Workpackages

Chronic non-healing skin ulcers, excessively scarring wounds, inflammatory skin diseases, and skin cancer are very common pathologies associated with excessive/chronic inflammation. Unfortunately, the therapeutic options are still limited and morbidity/mortality remains high. Remarkably, crucial pathogenic mechanisms of these three groups of skin diseases overlap, making their combined analysis highly promising. SKINTEGRITY.CH brings together major experts in basic and clinical research, (bio)engineering and bioinformatics from different institutions. This permits the implementation of an interdisciplinary approach to tackle major medical problems. Through analysis of the molecular, cellular and biophysical mechanisms responsible for abnormal inflammation and associated pathologies, we aim to identify the driving factors for wound healing disorders and inflammatory and malignant skin diseases as well as novel targets for therapeutic intervention. This will allow the development of novel devices and drugs for the treatment of these disorders and of strategies for their improved diagnosis.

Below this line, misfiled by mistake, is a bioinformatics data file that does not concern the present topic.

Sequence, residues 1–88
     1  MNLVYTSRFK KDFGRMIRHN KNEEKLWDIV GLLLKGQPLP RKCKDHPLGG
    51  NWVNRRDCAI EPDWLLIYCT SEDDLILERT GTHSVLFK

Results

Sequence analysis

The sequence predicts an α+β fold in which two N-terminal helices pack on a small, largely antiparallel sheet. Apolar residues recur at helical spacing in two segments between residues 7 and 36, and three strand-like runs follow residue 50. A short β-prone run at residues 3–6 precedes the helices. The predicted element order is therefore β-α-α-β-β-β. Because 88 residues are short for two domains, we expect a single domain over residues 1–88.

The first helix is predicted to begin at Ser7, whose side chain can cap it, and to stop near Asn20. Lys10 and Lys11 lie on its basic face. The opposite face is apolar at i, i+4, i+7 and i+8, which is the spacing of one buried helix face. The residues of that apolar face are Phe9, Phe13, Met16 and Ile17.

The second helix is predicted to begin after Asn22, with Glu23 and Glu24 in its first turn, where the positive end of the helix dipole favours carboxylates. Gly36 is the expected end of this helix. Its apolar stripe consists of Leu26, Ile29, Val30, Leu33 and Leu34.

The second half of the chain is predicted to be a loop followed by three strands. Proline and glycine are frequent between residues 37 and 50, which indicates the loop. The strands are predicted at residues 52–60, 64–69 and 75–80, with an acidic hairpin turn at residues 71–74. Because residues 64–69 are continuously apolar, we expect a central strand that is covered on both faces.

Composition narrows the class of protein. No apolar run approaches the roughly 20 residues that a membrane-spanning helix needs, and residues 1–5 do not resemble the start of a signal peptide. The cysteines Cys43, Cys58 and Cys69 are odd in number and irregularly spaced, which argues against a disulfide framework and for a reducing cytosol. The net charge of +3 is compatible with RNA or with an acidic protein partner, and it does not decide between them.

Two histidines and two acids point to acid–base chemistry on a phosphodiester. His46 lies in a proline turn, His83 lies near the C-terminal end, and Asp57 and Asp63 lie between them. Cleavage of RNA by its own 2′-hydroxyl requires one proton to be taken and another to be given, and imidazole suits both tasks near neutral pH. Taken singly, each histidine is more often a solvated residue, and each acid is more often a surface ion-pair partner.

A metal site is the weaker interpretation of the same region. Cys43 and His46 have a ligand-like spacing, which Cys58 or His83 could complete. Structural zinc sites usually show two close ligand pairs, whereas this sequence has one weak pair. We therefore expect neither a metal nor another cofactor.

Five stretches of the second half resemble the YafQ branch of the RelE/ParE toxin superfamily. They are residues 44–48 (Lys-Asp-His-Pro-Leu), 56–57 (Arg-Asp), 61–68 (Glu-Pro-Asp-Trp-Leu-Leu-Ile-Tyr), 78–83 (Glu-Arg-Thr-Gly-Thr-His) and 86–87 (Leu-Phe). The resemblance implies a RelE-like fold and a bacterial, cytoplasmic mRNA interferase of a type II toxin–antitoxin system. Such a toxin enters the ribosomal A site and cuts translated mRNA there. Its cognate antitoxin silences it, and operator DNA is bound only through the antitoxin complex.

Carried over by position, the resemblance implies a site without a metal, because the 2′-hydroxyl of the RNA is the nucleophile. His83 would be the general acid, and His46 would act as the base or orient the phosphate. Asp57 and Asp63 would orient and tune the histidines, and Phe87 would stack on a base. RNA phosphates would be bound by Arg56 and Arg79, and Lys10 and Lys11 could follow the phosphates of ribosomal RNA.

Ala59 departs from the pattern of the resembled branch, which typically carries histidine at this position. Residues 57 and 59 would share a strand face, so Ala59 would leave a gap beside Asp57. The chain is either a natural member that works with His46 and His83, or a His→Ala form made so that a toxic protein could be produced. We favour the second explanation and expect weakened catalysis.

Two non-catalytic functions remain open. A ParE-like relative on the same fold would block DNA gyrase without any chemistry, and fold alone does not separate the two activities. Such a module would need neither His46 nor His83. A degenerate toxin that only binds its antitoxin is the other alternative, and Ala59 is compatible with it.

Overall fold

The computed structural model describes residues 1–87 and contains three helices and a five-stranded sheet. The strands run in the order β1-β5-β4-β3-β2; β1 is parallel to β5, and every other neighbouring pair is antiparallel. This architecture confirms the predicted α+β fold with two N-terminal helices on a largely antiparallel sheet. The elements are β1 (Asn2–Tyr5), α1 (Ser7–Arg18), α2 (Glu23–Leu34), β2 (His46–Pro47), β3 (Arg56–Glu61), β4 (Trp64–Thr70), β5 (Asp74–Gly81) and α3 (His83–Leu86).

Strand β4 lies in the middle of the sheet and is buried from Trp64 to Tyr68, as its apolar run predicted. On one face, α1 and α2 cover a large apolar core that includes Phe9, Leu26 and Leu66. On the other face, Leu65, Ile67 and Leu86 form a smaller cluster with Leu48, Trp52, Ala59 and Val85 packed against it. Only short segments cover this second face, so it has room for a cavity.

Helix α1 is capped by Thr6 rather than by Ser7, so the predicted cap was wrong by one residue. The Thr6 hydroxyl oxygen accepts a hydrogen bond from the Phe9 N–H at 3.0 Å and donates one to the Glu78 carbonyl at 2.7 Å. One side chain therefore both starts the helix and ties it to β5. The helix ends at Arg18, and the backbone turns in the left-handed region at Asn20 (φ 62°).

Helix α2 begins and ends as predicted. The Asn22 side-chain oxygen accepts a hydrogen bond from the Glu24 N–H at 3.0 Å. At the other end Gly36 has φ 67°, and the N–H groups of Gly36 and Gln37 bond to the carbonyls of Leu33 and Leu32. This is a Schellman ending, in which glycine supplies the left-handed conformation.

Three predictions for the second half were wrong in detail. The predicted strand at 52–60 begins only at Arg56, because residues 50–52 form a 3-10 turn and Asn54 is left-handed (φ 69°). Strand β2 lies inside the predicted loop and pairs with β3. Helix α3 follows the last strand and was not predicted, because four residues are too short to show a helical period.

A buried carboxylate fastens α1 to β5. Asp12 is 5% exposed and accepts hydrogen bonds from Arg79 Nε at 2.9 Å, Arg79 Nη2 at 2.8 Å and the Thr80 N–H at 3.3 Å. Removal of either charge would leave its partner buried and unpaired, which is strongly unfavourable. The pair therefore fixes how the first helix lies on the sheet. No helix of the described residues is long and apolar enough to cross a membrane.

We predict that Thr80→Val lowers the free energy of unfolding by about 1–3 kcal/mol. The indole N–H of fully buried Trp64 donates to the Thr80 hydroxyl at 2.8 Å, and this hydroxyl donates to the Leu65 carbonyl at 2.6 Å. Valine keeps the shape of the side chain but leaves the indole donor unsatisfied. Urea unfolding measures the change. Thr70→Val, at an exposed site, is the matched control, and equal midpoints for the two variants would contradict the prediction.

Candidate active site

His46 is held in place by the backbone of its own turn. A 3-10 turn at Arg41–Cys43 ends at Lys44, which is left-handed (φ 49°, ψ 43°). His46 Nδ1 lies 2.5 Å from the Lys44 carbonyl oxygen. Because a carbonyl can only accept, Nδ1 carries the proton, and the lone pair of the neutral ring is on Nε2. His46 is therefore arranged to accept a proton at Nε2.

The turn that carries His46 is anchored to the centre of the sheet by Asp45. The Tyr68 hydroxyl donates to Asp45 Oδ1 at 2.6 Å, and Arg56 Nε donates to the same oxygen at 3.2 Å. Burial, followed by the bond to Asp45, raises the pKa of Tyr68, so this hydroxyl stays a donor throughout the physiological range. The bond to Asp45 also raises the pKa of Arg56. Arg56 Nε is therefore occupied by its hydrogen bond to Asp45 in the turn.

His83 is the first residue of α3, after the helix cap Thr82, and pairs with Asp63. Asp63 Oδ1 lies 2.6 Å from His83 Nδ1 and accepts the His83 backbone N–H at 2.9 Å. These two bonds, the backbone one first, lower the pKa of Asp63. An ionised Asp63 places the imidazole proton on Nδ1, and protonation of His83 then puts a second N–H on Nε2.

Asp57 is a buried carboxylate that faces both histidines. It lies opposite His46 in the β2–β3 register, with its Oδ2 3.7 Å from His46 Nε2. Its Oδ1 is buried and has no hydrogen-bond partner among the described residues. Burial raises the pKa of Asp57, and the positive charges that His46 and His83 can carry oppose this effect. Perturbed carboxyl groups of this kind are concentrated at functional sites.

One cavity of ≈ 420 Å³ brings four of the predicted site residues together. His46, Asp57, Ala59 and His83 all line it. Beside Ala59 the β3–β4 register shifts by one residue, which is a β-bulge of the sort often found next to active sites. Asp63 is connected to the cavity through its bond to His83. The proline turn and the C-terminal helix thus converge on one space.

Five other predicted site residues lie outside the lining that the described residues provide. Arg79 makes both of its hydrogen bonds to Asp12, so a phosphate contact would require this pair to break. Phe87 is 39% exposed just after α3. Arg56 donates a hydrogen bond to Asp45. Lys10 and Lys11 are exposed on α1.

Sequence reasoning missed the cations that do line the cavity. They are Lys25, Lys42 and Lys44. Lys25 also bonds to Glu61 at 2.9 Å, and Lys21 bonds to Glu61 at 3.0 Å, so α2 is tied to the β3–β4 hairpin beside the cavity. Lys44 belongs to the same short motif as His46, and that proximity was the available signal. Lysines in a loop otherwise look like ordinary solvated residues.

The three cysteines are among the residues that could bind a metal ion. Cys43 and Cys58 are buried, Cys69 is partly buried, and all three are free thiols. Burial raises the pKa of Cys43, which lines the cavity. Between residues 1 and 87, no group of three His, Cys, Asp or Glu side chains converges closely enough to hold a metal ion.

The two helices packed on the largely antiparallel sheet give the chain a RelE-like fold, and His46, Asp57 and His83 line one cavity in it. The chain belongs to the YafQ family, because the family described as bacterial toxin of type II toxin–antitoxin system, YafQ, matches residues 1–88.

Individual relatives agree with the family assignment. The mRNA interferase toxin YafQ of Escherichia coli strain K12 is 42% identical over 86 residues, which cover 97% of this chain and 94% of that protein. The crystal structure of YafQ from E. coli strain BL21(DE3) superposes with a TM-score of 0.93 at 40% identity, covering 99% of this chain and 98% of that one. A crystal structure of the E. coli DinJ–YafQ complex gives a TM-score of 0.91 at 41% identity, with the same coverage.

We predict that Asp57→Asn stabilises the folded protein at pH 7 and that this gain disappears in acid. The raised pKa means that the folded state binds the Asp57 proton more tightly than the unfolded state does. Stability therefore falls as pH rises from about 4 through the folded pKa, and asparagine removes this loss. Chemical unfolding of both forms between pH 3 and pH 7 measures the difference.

Specifically, the scientific plans include (i) identification and functional characterization of biochemical and biophysical factors and of different cell types that control normal and impaired wound healing, (ii) development of delivery strategies and of mechanical devices for the treatment of impaired wound healing and prevention of scar formation, (iii) analysis of the role of the microbiome in inflammatory skin disease, (iv) analysis of the role of different T cell subsets in inflammatory skin disease and skin cancer, (v) characterization of the role of epigenetic alterations in inflammatory skin disease and skin cancer, use of single cell technologies to understand cancer development and progression and response to major cancer drugs, development of novel strategies for personalized cancer treatment and – as a prerequisite for all projects – the continuation of the skin Biobank project and the development of in vitro generated skin equivalents and of biomaterials to study skin functions in health and disease.